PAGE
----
To describe outcomes of small- and toy-breed dogs with a congenital intrahepatic portosystemic shunt (IHPSS) treated with percutaneous transvenous coil embolization (PTCE).
20 small- and toy-breed dogs with an IHPSS.
All dogs underwent CT angiography for shunt evaluation as well as PTCE. Medical records were reviewed for pertinent data, and owners and primary veterinarians were contacted for long-term follow-up information.
Dogs ranged from 1.5 to 10.0 kg (mean ± SD, 6.32 ± 2.57 kg) in weight. The equipment used to perform PTCE tended to be smaller than that previously described for larger breed dogs. Intra- and postoperative complication rates were 20% (4/20) and 5% (1/20), respectively, and included hypotension, bradycardia, hypercapnia, ventricular premature contractions, hypothermia, and regurgitation. Dogs were discharged a median of 3 days (range, 1 to 3 days) after surgery, and all dogs survived to discharge. Clinical signs resolved in 95% (19/20) of the dogs a median of 21 days after the procedure. One- and 2-year survival rates were 92%. Three dogs had died by the time of data collection; 2 of these dogs died of causes related to the IHPSS 267 and 1,178 days, respectively, after the procedure.
Percutaneous transvenous coil embolization was a safe and effective option for treatment of IHPSS in small- and toy-breed dogs and offered a minimally invasive alternative to open surgical techniques. Complication and survival rates in this cohort were similar to or better than those reported in previous studies evaluating PTCE and open surgical techniques for treatment of IHPSS in dogs.
To describe the feasibility and technique for performing laparoscopic ultrasound (LUS) of the liver in dogs.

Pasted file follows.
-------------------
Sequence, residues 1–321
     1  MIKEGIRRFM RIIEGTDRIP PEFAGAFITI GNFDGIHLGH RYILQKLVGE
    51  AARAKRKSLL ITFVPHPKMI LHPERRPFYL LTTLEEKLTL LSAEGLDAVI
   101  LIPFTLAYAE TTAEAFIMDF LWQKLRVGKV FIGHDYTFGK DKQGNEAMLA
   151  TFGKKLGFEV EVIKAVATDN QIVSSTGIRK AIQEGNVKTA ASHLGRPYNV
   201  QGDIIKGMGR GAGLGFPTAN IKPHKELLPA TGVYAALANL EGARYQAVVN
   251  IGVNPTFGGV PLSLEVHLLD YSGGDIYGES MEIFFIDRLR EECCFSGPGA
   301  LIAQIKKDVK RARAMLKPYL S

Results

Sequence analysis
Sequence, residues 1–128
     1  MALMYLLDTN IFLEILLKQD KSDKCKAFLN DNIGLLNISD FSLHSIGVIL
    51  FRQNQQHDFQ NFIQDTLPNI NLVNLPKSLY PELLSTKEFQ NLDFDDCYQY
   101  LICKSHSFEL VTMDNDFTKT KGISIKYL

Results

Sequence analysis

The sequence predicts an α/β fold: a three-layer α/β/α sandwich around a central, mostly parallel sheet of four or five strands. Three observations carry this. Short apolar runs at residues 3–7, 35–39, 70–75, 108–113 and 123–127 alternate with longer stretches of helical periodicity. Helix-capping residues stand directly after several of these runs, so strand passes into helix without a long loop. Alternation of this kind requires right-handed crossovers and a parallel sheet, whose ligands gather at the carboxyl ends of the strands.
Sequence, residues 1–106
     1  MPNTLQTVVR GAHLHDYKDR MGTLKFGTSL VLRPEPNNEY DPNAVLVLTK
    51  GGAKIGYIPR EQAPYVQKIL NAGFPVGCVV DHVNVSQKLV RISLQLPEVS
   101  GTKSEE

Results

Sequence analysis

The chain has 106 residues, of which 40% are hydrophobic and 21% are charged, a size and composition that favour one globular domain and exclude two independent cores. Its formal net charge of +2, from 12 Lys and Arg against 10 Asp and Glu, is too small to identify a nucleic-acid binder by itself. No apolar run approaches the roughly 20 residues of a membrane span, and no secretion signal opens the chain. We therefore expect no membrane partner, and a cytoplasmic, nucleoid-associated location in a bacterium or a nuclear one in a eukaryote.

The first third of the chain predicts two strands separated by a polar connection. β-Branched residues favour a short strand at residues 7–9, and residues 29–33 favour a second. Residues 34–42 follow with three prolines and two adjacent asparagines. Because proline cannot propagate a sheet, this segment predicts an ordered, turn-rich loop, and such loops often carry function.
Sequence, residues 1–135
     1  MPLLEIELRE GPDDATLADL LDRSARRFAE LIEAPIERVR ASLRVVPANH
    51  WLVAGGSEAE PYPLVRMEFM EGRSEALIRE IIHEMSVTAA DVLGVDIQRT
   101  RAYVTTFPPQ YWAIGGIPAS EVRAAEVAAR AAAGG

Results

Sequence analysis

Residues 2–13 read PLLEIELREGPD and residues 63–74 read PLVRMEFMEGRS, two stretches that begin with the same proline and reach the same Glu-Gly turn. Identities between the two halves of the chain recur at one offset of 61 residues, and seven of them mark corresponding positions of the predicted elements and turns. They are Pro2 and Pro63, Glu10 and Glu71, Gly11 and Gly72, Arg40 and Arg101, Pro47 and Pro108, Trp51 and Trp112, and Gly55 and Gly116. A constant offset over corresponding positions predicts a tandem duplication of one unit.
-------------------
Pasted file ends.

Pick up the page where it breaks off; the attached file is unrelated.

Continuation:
12 client-owned dogs presenting for elective laparoscopic surgery from January 1, 2022, to October 31, 2022.
Laparoscopic exploration and LUS of the liver were performed in all dogs. Dogs were positioned in reverse Trendelenburg and laterally rotated to facilitate access to all liver lobes. Time to perform laparoscopic exploration and LUS, ability to visualize and access each liver lobe entirely, and any complications were recorded. Each dog underwent an elective laparoscopic procedure. The surgeon completed a National Aeronautics and Space Administration Task Load Index (NASA-TLX) questionnaire after surgery.
Mean body weight was 25.9 kg (SD, ± 4.1 kg; range, 5.7 to 62 kg). All liver lobes were scanned to the level of the hilus in 10/12 dogs. In 2 dogs, the caudate lobe could not be completely imaged. Median time to perform LUS was 9 minutes (IQR, 5 to 16.5 minutes), and median NASA-TLX score was 9/100 (IQR, 6.3 to 20). There was a significantly strong negative correlation between time to perform LUS (r = −0.77; P = .0037) and NASA-TLX score (r = −0.84; P = .0006) with trial number. Minor complications occurred in 2 dogs during laparoscopic exploration. No complications occurred during LUS.
LUS was feasible and safe in all dogs. The right lateral and caudate lobes were occasionally challenging to access. Technical demand and time to perform LUS improved with experience, suggesting a learning curve. Evaluation of LUS in dogs with clinical disease is warranted.